Caribbean Studies, History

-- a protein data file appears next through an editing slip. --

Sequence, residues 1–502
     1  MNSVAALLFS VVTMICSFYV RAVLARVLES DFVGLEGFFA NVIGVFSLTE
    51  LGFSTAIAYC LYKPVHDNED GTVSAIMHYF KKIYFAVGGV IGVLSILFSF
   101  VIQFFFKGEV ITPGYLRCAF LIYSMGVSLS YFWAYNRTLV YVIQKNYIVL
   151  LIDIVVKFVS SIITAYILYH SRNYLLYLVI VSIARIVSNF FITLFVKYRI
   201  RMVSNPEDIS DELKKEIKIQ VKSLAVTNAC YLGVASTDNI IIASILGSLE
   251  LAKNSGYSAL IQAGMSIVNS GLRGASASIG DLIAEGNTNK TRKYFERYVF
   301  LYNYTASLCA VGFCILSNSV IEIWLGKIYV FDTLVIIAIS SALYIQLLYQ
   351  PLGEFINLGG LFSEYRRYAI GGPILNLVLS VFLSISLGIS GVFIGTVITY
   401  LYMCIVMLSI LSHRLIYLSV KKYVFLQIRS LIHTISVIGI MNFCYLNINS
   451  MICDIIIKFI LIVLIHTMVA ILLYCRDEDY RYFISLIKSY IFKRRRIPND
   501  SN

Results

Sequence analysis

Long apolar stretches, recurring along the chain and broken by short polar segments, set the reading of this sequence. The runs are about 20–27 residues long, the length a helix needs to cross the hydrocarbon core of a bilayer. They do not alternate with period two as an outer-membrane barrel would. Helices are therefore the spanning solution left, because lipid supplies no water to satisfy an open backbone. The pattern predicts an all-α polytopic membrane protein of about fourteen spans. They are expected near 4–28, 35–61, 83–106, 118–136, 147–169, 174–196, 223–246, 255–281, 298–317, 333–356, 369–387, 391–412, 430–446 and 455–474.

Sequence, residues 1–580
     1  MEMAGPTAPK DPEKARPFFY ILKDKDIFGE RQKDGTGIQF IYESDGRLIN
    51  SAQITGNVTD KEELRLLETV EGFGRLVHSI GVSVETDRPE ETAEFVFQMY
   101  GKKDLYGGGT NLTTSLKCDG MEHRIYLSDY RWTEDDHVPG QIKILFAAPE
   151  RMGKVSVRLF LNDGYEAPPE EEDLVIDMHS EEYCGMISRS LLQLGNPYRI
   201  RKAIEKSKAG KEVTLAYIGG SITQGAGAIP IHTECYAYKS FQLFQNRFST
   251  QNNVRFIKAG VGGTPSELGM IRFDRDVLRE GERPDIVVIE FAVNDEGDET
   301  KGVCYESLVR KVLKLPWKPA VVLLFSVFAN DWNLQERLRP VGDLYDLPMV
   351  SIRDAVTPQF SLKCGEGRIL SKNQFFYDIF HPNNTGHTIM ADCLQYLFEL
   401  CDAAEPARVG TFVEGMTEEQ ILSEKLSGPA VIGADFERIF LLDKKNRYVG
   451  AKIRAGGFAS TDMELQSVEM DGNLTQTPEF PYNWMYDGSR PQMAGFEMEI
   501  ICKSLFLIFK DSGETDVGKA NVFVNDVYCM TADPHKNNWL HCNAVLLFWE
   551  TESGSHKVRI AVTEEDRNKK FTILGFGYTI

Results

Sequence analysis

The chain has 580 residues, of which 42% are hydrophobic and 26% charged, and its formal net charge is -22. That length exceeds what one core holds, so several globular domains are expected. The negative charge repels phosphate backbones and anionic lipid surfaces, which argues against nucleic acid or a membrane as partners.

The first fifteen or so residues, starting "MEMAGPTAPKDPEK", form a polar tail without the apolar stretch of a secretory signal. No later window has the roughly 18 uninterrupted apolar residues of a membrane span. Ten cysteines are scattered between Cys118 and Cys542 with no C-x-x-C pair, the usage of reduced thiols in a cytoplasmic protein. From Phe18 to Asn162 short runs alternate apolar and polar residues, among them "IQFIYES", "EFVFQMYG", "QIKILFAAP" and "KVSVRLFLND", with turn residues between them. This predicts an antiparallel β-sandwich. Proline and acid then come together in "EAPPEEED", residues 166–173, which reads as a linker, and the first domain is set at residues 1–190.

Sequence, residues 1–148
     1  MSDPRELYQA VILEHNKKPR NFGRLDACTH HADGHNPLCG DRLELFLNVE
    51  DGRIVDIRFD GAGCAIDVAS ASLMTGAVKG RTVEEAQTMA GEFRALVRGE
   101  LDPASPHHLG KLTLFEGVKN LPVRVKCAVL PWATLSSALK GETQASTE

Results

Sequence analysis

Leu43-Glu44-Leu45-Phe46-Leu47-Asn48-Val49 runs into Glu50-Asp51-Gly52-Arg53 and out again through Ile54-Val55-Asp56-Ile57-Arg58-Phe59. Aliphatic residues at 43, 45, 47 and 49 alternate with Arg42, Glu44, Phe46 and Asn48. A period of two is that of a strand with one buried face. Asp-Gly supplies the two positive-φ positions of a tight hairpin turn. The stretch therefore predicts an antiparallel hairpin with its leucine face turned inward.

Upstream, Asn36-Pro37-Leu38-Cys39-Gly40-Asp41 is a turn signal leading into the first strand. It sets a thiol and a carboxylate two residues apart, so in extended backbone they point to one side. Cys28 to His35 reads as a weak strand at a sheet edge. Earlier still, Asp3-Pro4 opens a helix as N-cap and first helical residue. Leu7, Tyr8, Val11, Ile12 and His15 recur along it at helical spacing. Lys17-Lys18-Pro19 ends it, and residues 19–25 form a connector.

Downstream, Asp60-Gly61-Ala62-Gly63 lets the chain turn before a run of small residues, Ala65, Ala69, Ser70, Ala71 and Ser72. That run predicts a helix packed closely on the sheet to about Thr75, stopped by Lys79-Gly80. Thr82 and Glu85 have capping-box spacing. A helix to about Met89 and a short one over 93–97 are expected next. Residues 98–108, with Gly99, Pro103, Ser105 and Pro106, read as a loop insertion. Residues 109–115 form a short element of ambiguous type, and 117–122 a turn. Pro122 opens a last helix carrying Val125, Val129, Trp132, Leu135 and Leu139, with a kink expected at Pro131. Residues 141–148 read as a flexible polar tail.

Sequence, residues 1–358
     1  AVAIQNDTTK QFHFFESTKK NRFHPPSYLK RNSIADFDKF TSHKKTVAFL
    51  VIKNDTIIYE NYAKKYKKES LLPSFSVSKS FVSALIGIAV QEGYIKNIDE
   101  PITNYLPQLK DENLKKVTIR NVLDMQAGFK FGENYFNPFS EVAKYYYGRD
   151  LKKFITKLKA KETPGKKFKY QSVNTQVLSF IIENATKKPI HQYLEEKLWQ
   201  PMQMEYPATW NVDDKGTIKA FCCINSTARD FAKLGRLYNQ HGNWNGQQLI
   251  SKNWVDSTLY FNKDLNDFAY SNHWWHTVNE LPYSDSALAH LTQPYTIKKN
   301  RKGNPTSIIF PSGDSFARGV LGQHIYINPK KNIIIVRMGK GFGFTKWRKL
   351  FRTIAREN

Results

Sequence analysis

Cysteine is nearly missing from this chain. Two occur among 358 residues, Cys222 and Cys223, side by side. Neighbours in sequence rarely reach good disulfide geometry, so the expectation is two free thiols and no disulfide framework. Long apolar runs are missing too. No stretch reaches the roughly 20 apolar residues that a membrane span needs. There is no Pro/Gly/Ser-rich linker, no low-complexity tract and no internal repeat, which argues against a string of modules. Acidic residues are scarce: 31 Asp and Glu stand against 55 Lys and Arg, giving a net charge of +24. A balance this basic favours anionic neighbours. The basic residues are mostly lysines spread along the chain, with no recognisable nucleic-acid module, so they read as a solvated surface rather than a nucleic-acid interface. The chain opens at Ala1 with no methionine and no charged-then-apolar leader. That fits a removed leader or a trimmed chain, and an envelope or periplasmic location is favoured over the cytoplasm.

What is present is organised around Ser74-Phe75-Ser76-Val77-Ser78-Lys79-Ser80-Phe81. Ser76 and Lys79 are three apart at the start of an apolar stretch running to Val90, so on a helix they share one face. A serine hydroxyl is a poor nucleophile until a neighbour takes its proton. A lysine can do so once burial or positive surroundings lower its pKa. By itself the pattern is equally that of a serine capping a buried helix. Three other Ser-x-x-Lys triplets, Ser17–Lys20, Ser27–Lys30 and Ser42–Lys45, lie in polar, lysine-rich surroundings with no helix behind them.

Peasantry Peasantry in the Caribbean dates back to 1838. Technically, peasantry is a combination of the cultivation of a variety of goods and the raising of a variety of animals on fairly small pieces of property without the aid of hired labour and largely for subsistence purposes. Brierly and Ruben (1988) describe peasants as typically economically deprived people at the lower strata off society. Characteristics of Caribbean peasantry Historically existed on the crevices of society – any area where the main economic activities of the Europeans did not have control. • Historically the peasantry existed in opposition to and in competition with the plantation despite their interdependence. • According to Marshall, Caribbean peasantries incorporated non-agricultural activities such as fishing, shop keeping, and casual estate work. • Caribbean peasantries have always involved the production of some goods for sale in local markets. Types of peasant communities in the Caribbean European peasant communities • Runaway slave communities – The maroons of Jamaica, Spanish Santo Domingo and Suriname for examples. (Many of these maroons traded products for weapons and or clothes. ) • Slave farms on the plantation Significance and contribution of the peasantry to Caribbean society – “Emancipation in Action” (Sidney Mintz and Woodville Marshall) Social • Enhanced money and time management skills of slaves and later ex-slaves. • Engendered self-reliance, planning and political awareness among ex-slaves. Maintaining social and economic stability in rural and non-plantation areas via attempts to build self-generating communities, villages, churches, schools etc. • Soften the rigid class divisions that existed Cultural • New and renewed cuisines • Artistry and artisanship Economic • Slaves learnt cultivation skills and soil management. • Added to the establishment of the local cooperatives movement and P. C. Banks • Added to the export and trade of Caribbean countries via the diversification of agricultural produce Increases self-sufficiency especially in the export markets Difficulties • Ex-slaves had tremendous difficulty in legally acquiring land due largely to government polices and planters’ activities. • Completion from non-agricultural activities such as bauxite, tourism and oil in Trinidad; • Migration particularly after 1945; • Poor living standards for many peasants; • Shortage of resources (capital, knowledge, storage and transportation facilities) • Completion from cheaper imports • Wasteful agricultural practices.

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